The Dark Cloud Cover and the Evening Star are both bearish reversal patterns, but they differ in their formation. The Dark Cloud Cover is a two-candle pattern that occurs during an uptrend. The second candle opens above the first one’s high and closes within its body. The Evening Star, on the other hand, is a three-candle pattern. It consists of a long bullish candle, a small-bodied star, and a long bearish candle.

What is a Doji in trading?

A Doji is a unique pattern in a candlestick chart used in technical analysis of financially traded assets. It’s characterized by having a small length, indicating a small trading range, with opening and closing prices that are virtually equal or have small differences. This pattern generally signals indecision in the market and can indicate an upcoming price reversal. However, it’s important to consider other patterns and indicators before making a decision.

How do you trade bearish engulfing?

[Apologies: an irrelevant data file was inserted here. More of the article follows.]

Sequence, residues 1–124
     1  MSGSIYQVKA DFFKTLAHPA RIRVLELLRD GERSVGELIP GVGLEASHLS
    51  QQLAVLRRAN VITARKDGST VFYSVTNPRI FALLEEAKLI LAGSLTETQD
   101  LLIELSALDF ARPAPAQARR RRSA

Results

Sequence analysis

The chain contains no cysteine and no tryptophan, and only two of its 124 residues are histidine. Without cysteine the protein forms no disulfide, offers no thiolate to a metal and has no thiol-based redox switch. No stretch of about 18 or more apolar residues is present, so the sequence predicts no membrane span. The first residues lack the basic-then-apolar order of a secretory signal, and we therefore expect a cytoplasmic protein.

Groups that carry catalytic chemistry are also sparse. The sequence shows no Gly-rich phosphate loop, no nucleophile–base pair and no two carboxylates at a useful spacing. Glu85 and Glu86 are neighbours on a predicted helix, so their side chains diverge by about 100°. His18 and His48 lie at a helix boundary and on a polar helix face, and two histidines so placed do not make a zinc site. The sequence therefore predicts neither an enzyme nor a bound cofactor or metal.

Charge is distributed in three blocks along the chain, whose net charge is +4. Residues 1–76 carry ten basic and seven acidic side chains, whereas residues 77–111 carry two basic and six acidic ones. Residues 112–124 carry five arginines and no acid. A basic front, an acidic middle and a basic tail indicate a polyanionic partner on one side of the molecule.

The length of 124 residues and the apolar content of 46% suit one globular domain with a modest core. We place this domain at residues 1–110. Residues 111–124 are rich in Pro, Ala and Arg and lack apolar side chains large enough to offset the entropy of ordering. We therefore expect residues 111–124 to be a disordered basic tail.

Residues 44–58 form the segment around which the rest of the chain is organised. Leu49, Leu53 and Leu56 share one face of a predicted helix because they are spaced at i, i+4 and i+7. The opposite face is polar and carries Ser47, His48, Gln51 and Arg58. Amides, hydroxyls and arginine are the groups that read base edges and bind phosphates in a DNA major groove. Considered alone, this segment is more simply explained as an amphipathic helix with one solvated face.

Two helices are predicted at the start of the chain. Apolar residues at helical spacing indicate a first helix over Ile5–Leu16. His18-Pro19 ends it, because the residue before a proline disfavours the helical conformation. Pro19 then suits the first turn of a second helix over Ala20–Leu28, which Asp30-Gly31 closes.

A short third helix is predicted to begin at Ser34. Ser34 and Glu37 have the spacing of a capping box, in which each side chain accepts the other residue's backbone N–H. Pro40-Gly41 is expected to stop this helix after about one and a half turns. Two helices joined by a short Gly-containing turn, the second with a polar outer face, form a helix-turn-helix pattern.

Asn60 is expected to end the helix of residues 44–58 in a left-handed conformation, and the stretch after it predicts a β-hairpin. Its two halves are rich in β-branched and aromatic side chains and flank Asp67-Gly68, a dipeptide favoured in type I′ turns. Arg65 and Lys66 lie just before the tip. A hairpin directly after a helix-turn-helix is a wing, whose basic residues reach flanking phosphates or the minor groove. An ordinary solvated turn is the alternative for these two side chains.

Trading with a Bearish Engulfing pattern involves a strategic approach. First, it’s important to identify a prevailing bullish trend in the market. The Bearish Engulfing pattern is characterized by a small bullish candle followed by a larger bearish candle that completely engulfs the first. Once this pattern is identified, traders can consider entering a short position when the price breaks below the low of the engulfing candlestick. To manage risk, a stop loss can be set just above the high of the engulfing candle.

What is the opposite of a dark cloud cover?

The opposite of the Dark Cloud Cover is the Piercing Line pattern. This pattern also consists of two candlesticks, but in this case, the down candle comes first, followed by the up candle. The Piercing Line pattern appears at the end of a downtrend and signals a bullish reversal, indicating a potential increase in stock prices. Like the Dark Cloud Cover, it’s crucial to use the Piercing Line pattern in conjunction with other indicators for confirmation.